Wearable technology is an interesting term. When we in the fashion industry talk about wearability, it rarely means whether or not a garment can physically be sported. It usually translates as whether the majority of us would want to wear them.
We rarely need the clothes we buy; rather, we want them. Fashion's built-in obsolescence outruns a garment's natural life.
The design of Apple's products as physical objects is, arguably, as big a draw as its user interfaces. And when a new iPhone is released, the thousands queuing worldwide to buy them first aren't consumers whose previous models ceased to work at the same time. There's a distinctly fashionable bent to their urge to acquire.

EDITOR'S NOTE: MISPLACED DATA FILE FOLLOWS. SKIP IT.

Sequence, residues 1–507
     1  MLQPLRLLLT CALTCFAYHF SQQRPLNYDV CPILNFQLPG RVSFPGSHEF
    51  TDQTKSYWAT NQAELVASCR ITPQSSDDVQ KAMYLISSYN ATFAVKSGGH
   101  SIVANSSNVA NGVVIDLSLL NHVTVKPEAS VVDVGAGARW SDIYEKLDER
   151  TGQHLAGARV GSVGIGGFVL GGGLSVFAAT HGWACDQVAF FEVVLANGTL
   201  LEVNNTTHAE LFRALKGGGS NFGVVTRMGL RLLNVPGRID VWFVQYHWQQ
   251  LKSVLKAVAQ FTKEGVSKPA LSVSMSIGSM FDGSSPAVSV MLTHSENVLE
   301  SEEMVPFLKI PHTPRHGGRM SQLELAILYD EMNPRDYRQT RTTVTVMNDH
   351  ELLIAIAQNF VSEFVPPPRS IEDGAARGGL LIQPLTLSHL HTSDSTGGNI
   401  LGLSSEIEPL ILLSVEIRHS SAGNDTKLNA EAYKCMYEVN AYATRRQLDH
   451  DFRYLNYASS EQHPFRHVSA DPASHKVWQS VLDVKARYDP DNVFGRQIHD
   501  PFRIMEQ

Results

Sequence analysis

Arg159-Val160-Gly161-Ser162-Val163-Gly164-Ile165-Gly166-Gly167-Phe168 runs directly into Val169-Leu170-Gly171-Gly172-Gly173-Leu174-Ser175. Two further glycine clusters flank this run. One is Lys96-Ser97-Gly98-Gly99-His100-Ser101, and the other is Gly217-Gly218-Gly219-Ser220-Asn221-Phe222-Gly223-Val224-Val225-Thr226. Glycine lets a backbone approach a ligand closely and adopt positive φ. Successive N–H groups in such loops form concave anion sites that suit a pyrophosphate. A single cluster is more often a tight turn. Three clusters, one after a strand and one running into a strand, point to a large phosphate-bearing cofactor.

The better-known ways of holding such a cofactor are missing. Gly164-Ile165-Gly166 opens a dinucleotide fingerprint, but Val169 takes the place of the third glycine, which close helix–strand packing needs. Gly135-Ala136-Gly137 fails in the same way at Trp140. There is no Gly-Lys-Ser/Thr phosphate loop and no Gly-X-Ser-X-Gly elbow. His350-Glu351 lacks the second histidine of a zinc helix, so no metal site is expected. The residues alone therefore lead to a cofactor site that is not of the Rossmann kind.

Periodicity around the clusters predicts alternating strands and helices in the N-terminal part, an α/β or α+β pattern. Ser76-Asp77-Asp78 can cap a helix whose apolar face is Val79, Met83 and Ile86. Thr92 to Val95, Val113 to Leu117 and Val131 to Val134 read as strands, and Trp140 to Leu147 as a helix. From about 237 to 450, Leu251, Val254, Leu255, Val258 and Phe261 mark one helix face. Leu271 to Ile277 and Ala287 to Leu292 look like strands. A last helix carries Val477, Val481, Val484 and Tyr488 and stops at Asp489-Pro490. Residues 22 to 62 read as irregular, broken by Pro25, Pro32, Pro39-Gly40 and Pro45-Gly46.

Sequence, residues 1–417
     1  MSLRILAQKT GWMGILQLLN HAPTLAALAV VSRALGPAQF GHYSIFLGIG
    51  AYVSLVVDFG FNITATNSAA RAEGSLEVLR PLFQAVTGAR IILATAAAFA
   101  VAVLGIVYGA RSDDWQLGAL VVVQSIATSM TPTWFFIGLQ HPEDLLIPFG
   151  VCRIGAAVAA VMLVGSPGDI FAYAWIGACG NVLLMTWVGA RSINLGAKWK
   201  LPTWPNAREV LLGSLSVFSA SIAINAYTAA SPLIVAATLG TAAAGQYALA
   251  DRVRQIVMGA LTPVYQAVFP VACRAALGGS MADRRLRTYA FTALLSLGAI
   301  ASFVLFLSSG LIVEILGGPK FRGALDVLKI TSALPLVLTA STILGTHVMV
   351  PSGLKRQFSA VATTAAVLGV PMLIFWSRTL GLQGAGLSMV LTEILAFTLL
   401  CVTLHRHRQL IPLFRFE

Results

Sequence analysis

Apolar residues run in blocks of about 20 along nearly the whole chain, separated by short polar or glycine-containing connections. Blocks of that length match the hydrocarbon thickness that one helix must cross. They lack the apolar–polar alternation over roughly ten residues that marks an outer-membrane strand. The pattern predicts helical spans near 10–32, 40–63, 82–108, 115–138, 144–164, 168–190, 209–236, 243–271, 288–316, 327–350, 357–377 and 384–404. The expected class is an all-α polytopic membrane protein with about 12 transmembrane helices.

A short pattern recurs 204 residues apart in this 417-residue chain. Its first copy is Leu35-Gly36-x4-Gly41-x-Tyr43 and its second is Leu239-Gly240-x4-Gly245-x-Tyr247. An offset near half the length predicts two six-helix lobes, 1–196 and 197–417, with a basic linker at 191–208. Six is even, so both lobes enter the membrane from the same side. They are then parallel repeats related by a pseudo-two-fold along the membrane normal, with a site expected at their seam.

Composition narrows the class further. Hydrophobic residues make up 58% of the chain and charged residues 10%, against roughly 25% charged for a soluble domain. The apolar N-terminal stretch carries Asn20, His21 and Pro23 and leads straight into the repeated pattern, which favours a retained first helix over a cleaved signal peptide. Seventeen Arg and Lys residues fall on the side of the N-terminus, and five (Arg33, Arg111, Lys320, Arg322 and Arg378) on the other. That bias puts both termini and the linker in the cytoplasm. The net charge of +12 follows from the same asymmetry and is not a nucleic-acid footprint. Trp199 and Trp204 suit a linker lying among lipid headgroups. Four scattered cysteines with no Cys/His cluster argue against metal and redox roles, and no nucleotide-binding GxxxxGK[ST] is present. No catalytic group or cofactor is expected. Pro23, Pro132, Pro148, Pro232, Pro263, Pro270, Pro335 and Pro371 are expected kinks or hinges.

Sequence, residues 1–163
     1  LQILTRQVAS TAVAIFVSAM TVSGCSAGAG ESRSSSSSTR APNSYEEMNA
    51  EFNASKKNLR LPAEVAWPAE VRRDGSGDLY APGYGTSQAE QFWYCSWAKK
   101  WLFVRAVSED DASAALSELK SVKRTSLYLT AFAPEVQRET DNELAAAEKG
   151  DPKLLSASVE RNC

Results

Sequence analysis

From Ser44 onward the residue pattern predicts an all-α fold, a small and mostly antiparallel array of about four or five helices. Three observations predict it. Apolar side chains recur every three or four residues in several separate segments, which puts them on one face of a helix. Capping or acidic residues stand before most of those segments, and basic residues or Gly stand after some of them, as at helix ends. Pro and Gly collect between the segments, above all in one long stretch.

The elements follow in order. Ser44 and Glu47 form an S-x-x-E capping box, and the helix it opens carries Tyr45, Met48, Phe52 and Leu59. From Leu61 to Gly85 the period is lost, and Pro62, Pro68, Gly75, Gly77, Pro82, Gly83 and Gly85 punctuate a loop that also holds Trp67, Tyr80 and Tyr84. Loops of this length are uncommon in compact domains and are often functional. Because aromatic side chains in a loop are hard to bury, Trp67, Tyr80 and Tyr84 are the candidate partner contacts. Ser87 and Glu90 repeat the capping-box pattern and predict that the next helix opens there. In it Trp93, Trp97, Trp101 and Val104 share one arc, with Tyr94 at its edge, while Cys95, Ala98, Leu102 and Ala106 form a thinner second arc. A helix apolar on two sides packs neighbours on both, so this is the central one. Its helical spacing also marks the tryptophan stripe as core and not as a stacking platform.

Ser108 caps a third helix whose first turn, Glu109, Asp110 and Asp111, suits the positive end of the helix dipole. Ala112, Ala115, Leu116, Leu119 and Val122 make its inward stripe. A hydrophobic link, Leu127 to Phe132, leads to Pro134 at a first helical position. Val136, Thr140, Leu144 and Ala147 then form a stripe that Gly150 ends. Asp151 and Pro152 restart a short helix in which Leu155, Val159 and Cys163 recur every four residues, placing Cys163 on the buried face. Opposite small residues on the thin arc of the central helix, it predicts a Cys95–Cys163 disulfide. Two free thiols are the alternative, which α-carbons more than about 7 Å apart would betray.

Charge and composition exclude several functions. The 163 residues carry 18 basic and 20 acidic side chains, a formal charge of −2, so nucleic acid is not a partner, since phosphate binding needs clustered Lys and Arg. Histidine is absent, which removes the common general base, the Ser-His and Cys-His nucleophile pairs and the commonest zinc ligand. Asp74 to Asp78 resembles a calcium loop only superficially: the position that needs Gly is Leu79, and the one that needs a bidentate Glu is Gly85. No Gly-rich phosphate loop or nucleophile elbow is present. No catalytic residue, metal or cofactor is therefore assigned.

I'm feeling no such thing about Google's glasses, or about the smartwatches offered by LG (the G Watch) or Motorola (the Moto 360). They're techy, and they sit on the body in some way. But wearable? Not for me.
The G Watch resembles a Lilliputian iPad strapped to the wrist with the sort of rubber strap that usually suspends a leisure-centre locker key. The Moto 360 looks a bit like a souvenir trinket. Google enlisted Diane von Furstenberg to give its Glass a sexy, stylish spin. They still look like brutal NHS bins.
I'm not convinced that the technological advantages of any of these devices outweigh the stylistic issues. It's early days, but these tech try-outs, by their very nature, have to be brandished, boldly in public.
So why expose them to the world if the design isn't yet good enough? They may be ready-to-go from the box, but I wouldn't really call them ready-to-wear until those all-important fashion credentials are fixed.